Since I have just updated to WordPress 5, it seems appropriate to start investigate what changes do I need to keep in mind if I am to switch to Gutenberg.
While I have been using WordPress 5 on my local test server for months, I still worried about possible breakage caused by an update. Anyway, if my Gentoo experiment is any indictment, then I should have come to the conclusion that “not updating your system” breaks the system worse than “often updating”. The point is that by holding off updates for a long time, there has to be a point where new software start to be not compatible to your base system, and reverting to old versions gets harder and harder. And if you only fix it then it finally breaks, it might has already become a mess that’s impossible to deal with.
Hence, despite the concerns, here I updates the website.
Yesterday I received an email from Let’s Encrypt, the certificate provider I have been using and previously talked about in a previous post.
The mail says:
Your Let’s Encrypt client used ACME TLS-SNI-01 domain validation to issue a certificate in the past 60 days. Below is a list of names and IP addresses validated (max of one per account):
ahyangyi.org (126.96.36.199) on 2019-01-16
TLS-SNI-01 validation is reaching end-of-life. It will stop working temporarily on February 13th, 2019, and permanently on March 13th, 2019. Any certificates issued before then will continue to work for 90 days after their issuance date.
Seems a quite urgent issue, since it will actually break my setup if I do not take actions. Admittedly, this blog has been in a hiatus lately, but I do not want to see it dead.
Two months have passed since the last time I wrote anything on this blog.
What has happened?
I have not written anything on this blog for about four weeks. There are various reasons, including procrastination.
Part of the procrastination process caused me to join a play-by-post Dungeons & Dragons 4E game on GitP forum. Anyway, since the time is already wasted, why not waste it well? So let me document the stories of the games I am playing.
Now that I have an SVG image, that is, the site logo, it might be time to explore more ways to mess with SVG images.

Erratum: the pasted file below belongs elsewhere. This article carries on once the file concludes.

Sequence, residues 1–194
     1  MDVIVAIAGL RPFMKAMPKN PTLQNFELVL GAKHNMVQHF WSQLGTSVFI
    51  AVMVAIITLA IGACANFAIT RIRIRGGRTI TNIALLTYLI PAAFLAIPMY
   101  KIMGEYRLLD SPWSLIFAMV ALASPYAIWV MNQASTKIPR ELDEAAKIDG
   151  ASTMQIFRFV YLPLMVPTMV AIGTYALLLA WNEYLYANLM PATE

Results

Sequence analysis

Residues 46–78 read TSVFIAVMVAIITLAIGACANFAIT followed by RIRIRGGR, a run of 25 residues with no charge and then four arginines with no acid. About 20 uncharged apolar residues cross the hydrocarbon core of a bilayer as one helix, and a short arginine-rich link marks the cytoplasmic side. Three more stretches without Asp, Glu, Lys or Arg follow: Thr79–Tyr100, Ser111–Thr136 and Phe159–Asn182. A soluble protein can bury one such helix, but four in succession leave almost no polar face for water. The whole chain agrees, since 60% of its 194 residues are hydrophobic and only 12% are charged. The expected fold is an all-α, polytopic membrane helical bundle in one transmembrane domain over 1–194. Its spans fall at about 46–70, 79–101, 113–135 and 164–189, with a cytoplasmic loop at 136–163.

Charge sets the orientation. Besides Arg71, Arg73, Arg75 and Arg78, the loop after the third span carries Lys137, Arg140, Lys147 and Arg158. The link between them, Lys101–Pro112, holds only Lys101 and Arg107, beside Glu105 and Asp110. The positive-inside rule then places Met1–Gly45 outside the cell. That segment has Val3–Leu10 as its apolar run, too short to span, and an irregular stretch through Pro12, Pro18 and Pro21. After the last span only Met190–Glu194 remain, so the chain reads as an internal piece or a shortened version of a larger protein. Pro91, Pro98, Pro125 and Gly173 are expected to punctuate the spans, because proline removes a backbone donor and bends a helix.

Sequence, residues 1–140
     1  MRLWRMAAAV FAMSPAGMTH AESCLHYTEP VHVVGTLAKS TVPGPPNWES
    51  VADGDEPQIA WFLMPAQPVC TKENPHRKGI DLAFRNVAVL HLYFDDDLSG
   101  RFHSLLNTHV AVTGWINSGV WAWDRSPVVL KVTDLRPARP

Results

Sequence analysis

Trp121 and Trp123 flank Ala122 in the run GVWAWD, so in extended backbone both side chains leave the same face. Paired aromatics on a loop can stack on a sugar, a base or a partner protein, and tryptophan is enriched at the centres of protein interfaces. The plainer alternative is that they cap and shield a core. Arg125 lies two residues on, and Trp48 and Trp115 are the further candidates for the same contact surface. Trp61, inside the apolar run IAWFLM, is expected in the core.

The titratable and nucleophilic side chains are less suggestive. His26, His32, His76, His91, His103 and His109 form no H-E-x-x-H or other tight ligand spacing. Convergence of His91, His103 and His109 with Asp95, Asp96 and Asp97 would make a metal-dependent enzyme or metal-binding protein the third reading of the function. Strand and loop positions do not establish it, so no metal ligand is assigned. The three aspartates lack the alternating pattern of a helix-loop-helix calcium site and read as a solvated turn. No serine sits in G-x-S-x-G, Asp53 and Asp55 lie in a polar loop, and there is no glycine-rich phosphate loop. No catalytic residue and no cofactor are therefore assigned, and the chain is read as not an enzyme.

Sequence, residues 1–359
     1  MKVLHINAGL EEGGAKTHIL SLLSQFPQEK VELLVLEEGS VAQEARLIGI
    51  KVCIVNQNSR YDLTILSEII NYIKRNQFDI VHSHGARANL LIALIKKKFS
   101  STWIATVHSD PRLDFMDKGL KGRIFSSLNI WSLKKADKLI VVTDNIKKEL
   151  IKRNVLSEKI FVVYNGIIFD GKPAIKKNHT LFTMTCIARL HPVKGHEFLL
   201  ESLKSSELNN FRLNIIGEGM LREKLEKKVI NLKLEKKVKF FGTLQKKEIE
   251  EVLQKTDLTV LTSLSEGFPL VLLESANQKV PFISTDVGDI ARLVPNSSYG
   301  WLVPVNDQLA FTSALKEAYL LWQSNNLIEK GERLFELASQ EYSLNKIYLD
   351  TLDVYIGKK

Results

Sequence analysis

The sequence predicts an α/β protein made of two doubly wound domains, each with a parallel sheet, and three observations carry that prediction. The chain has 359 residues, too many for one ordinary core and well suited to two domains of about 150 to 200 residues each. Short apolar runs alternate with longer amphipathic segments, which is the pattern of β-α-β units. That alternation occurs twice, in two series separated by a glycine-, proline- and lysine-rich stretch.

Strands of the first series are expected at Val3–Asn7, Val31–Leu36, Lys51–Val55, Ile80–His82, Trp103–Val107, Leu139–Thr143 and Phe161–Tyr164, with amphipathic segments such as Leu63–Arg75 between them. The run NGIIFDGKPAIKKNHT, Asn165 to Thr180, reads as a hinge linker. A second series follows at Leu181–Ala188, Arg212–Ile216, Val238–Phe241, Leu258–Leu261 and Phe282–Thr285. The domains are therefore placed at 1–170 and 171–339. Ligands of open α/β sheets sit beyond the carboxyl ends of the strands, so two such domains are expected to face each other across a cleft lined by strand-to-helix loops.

So, what if I want to create a “spinner” based on the site logo?
In the following few days, I will (hopefully) explore how to make interactive and animated SVG parts. There are a few goals behind this:
- To understand d3.js, one has to understand SVG first.
- I want to create a unique progress spinner component.
Sadly, Inkscape does not seem to be a good tool for automated processing. Anyway, let me document the manual process first, and worry about automation later.
Read more“Creating optimized SVG with Inkscape”
Just realized that Kahuna has already included print style in their CSS, so that printed posts will be mostly black-on-white. It saves ink and promotes clarity.
My CSS hacks had interfered with this and caused the printed pages to have a weird header. It has now been fixed.
Anyone interested in typography will probably ask me this question:
Why is there no ligature for “fi” in the site title, de finibus?
And for some time I thought the answer was: “I would like to, but Adagio Serif does not come with one.”
Which is completely wrong. Adagio Serif has a ligature for “fi”, as its style really asks for one.
It leads me to investigate why I don’t see ligatures in my website.
The first iteration of the site logo, or the favicon, has a few problems.
- It is monochrome black, meaning that it looks horrible on dark backgrounds. And for many situations, such as the favicon or an iOS/Android desktop shortcut, I cannot even control the background color.
- The two parts forming the asymmetrical brackets have very different widths.
I do not want to completely abandon the idea yet. So let me start a second iteration of the logo.